50 Years of Umko 1966 - 2016 1966 - 2016 - Page 13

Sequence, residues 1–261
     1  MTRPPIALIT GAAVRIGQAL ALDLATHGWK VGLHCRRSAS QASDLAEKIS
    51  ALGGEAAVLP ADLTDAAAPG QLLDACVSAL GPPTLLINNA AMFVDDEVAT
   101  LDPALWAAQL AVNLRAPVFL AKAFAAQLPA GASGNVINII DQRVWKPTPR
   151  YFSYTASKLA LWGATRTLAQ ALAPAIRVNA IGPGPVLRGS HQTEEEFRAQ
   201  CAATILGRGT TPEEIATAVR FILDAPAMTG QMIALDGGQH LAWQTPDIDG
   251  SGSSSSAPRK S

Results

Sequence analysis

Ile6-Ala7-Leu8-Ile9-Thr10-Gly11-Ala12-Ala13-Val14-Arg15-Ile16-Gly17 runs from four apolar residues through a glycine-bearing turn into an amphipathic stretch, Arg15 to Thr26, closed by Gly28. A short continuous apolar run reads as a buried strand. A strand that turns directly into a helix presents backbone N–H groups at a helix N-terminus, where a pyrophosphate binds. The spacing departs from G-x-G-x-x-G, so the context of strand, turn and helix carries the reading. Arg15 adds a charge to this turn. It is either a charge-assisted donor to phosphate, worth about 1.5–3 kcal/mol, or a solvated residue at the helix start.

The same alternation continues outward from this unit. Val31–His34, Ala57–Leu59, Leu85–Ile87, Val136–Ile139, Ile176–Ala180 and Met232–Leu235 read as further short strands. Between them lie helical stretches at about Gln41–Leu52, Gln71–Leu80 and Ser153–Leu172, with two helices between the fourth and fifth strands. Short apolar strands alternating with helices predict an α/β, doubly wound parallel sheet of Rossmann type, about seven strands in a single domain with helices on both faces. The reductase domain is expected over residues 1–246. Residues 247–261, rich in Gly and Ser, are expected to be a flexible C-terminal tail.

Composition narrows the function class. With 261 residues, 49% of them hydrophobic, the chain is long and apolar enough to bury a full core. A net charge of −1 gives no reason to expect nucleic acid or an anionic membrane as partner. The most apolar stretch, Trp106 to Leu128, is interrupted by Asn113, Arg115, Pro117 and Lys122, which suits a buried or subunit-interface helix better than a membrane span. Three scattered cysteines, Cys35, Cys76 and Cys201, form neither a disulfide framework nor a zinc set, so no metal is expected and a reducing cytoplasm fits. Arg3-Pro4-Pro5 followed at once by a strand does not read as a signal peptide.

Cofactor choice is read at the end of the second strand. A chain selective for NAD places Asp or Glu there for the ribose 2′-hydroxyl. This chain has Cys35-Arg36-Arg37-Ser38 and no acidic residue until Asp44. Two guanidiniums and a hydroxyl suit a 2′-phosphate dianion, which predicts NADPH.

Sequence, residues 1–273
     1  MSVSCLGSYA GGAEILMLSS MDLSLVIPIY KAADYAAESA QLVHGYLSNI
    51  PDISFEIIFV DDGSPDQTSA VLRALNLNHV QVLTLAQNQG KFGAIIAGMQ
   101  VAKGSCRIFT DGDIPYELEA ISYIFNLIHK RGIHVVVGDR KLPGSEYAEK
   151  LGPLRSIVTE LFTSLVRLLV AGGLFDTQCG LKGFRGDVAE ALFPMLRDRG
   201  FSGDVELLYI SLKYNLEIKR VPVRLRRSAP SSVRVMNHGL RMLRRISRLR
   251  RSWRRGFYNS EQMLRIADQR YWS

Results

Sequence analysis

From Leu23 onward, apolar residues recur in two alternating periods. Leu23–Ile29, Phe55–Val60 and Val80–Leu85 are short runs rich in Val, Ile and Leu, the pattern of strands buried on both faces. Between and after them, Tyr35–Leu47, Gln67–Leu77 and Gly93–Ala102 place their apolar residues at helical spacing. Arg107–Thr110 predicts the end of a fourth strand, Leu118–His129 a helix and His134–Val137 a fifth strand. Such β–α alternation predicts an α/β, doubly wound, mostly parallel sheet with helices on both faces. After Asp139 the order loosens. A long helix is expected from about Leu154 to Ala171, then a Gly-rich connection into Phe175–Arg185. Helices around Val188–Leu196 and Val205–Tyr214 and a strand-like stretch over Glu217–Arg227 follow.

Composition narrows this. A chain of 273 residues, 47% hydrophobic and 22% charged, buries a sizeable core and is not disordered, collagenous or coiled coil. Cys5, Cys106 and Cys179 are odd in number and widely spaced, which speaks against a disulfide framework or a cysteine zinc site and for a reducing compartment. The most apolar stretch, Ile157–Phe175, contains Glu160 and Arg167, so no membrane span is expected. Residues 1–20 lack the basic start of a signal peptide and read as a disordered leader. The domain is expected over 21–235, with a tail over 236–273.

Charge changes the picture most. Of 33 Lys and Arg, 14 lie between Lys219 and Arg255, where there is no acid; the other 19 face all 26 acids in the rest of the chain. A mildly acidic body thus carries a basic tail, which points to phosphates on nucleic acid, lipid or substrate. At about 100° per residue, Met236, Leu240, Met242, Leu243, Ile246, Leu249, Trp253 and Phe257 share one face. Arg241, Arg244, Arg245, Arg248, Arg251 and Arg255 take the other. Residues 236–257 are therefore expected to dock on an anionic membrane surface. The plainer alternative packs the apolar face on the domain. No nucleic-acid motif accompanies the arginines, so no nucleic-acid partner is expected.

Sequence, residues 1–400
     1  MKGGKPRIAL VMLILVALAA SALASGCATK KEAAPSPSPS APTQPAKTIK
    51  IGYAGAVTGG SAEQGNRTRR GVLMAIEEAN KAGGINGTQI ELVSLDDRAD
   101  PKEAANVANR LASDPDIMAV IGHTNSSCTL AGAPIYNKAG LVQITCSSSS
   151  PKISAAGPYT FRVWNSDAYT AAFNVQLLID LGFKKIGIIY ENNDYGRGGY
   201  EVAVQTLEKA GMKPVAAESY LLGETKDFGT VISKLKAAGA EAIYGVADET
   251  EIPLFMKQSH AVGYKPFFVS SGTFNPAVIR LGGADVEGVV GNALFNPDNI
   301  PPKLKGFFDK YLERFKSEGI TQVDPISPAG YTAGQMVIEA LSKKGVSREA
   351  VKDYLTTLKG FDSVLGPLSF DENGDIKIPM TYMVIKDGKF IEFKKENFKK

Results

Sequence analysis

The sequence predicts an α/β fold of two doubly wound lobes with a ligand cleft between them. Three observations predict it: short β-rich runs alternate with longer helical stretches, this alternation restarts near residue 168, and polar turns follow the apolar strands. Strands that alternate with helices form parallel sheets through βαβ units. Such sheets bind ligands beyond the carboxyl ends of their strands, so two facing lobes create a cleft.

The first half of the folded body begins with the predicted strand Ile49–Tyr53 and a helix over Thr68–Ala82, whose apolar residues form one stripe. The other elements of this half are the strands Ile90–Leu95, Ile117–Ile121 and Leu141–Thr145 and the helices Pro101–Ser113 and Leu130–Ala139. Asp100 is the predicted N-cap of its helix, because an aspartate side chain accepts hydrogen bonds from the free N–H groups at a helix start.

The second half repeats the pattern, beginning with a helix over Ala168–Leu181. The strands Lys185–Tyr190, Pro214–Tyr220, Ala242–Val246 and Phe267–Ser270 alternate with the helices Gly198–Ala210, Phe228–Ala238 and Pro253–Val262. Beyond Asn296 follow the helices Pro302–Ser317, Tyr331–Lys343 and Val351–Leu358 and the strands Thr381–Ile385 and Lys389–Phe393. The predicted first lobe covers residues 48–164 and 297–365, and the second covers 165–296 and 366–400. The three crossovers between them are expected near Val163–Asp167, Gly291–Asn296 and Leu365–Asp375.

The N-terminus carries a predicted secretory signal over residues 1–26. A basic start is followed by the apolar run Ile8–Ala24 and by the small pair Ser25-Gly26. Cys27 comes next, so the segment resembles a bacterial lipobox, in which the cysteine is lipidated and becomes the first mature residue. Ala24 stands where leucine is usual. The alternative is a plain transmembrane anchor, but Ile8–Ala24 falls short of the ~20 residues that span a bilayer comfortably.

C HA P T E R O N E the idea The pioneers who sought a new type of race on a new river “Nothing could take our minds off the beauty of the valley with its magnificent cliffs and continuous rapids” I - Charles Mason 1965 n the nineteen fifties and the early sixties canoeing in South Africa was “The Dusi”, that iconic three-day race from Pietermaritzburg to the sea, started in 1951 and ideally suited to people who thought running with a canoe was as good a way of getting downstream as paddling.1 And perhaps for Vaalies it was “The Vaal” started later in the fifties, and for Capies it was “The Berg”, started in 1962 and held over 240km in the Cape winter for polar bears who like their river water flat and freezing. But in Natal there was another breed of paddlers. People for whom sitting in your boat and shooting rapids was the ultimate thrill. These “paddling purists” hated the fact that they could beat someone on the water only to have him run past them on a new portaging “sneak” pathway recently discovered - or even specially cut through the valley bush. They started thinking: There’s got to be a better way than the embarrassment of scurrying about the Valley of a Thousand Hills with a canoe on your head causing mirth among normal non-paddling citizens. On the 5th April 1952 Ian Player and Fred Schmidt paddled their homemade singles from Josephine’s Bridge heading for the sea at the village of Umkomaas on the South Coast. Theirs was a pure adventure trip, they had no intention of ever racing the river. Player had won the very first Dusi just four months earlier and was using the trip to see if Schmidt would make a good Dusi partner. Just maybe Player had read The Hobbitt? “I am looking for someone to share in an adventure that I am arranging, and it’s very difficult to find anyone.” “I should think so — in these parts! We are plain qu iet folk and have no use for adventures. Nasty disturbing uncomfortable things! Make you late for dinner!” The search for new waters A few of these paddlers of Kingfisher Canoe Club in Durban decided that instead of looking for new shortcuts they would look for new rivers. Rivers where they could launch their boats at the start of a race and pick them up again for the first time after the finish line. Where the fastest way to get to the finish line was staying in your boat. The search was on, and they headed south to where they had heard from famous former winners of the Dusi about a wild and wonderful river: The Umkomaas. First known UMKO trip - 1952 “We paddled quietly, afraid to speak for fear of breaking the wild peace that is only Africa’s. From the top of one of the green hills a man’s voice broke the silence with a plaintive tune, a woman took up the refrain and together they harmonised. The music was beautiful and I stopped to listen. This was the music of old Africa.” Fred Schmidt and Ian Player 13 The valley near St Elmo’s, downstream of Josephine’s Bridge UMKO 50 Years